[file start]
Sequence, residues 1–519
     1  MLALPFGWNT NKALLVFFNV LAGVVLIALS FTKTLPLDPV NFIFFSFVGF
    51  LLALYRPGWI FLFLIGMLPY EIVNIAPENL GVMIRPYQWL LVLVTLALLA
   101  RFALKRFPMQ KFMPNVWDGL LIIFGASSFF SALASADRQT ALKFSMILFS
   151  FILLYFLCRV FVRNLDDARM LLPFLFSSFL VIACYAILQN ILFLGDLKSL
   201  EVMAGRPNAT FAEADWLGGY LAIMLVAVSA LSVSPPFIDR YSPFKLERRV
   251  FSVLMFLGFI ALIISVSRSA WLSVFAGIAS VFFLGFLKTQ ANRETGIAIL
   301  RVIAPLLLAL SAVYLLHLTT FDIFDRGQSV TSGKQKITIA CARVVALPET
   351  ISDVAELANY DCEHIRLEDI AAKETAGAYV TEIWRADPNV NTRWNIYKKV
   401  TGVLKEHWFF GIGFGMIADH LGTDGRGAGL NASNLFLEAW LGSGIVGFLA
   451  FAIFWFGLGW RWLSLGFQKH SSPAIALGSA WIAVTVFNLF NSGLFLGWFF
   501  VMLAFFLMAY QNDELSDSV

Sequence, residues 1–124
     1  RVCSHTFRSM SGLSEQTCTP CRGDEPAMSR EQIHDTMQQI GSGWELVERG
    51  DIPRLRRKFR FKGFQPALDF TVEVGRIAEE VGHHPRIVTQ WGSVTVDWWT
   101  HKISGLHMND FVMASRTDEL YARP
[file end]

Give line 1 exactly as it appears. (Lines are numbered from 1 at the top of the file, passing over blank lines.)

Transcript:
Sequence, residues 1–519